Newspaper article

From Duluth to Oslo: The Voyage of the Hjemkomst

Newspaper article

From Duluth to Oslo: The Voyage of the Hjemkomst

Article excerpt

While recovering from a fall in 1971, Moorhead Junior High School guidance counselor Robert Asp read a book on Viking shipbuilding. This sparked the thought that he should build and sail his own Viking ship. After ten years of planning, building, and training, the ship named Hjemkomst sailed from Duluth, Minnesota, to Oslo, Norway.

Robert Asp dreamed of building and sailing a Viking ship as a way to connect with his Norwegian heritage. He read several books on the subject while recovering from a broken leg after a fall. Once recovered, he began working on the ship in earnest. Asp chose for his ship the name Hjemkomst, a Norwegian word that means homecoming, and set his plan to sail the Atlantic Ocean into action.

In July 1972, the first lumber was milled at Harvey Engen’s sawmill north of Viking, Minnesota. Asp personally selected each White Oak tree that was milled. He estimated that fifteen trees would be needed to build a Viking ship; ultimately, over one hundred were needed. He chose an old potato warehouse in Hawley, Minnesota, to house the ship and leased it from the city for ten dollars per year. Renovations transformed the Welter Potato Warehouse into the newly minted Hawley Shipyard.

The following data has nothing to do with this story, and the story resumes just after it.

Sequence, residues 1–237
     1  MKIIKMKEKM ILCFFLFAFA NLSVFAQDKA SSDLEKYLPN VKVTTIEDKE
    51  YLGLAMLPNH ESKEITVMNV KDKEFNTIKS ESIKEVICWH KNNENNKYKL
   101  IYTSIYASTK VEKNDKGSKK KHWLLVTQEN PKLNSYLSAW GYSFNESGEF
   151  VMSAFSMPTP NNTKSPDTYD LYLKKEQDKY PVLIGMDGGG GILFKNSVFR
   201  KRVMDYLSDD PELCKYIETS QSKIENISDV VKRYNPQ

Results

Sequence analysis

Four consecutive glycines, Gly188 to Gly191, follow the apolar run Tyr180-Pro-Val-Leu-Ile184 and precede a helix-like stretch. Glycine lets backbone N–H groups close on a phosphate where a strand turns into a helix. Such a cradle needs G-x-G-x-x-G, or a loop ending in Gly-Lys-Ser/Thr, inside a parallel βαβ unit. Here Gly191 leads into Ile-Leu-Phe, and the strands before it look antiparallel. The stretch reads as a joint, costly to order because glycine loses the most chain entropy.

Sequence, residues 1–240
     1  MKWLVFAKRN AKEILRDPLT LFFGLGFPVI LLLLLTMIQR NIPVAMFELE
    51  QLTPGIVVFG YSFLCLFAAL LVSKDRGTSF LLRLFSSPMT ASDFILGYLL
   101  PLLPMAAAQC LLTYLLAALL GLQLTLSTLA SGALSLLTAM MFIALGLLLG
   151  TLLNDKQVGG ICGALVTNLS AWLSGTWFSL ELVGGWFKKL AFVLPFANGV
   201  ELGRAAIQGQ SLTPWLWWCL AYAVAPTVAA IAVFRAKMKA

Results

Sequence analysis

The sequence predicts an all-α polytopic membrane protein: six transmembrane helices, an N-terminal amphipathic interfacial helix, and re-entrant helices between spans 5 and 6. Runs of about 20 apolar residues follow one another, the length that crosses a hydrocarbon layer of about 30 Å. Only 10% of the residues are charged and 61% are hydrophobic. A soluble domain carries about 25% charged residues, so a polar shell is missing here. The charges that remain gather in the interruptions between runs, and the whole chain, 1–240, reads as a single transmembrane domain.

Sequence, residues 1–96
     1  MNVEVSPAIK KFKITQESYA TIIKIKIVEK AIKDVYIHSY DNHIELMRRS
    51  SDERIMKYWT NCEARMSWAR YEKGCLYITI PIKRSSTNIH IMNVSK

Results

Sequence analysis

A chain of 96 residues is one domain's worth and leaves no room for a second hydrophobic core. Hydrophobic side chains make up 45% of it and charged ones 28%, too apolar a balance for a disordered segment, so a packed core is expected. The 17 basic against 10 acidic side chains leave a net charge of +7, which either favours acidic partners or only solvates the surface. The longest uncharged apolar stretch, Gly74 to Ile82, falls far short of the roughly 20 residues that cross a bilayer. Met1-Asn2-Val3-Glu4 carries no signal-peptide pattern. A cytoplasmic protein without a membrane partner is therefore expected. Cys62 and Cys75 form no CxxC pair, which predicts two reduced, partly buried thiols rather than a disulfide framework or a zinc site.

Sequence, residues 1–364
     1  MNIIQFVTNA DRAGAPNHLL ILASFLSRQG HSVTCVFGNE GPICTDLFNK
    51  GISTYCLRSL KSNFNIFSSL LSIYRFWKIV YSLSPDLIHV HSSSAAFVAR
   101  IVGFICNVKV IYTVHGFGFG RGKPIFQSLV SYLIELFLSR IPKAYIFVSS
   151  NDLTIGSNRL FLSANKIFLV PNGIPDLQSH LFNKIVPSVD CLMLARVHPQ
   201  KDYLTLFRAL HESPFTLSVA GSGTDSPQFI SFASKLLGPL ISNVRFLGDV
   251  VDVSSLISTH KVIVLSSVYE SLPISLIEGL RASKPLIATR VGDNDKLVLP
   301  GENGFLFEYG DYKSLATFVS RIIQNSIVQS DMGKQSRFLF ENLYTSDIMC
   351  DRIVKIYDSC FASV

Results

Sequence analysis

Asp was diagnosed with leukemia in 1974 but never lost sight of finishing his dream ship. It took six years for him and his volunteers to complete. The finished ship featured the horned head of a dragon, which the crew named Igor, at the bow. Sleeping quarters, along with a stove, water, food, sea anchor, and inflatable life boat, were all outfitted on the ship. The center mast was 63 feet tall and supported a thirty-foot-by-forty-foot main sail and a ten-foot-by-thirty-foot top sail.

On July 17, 1980, the Hjemkomst made her debut and was presented to a cheering public. The ship was towed overland from Hawley to Duluth and first set sail in Duluth Harbor on August 9, 1980. Over 4,000 spectators witnessed the maiden voyage. The crew trained for weeks on Lake Superior for their journey to Norway.

Robert Asp took his last trip on his dream ship in Duluth Harbor on September 27, 1980. He died of leukemia later that year on December 27. …

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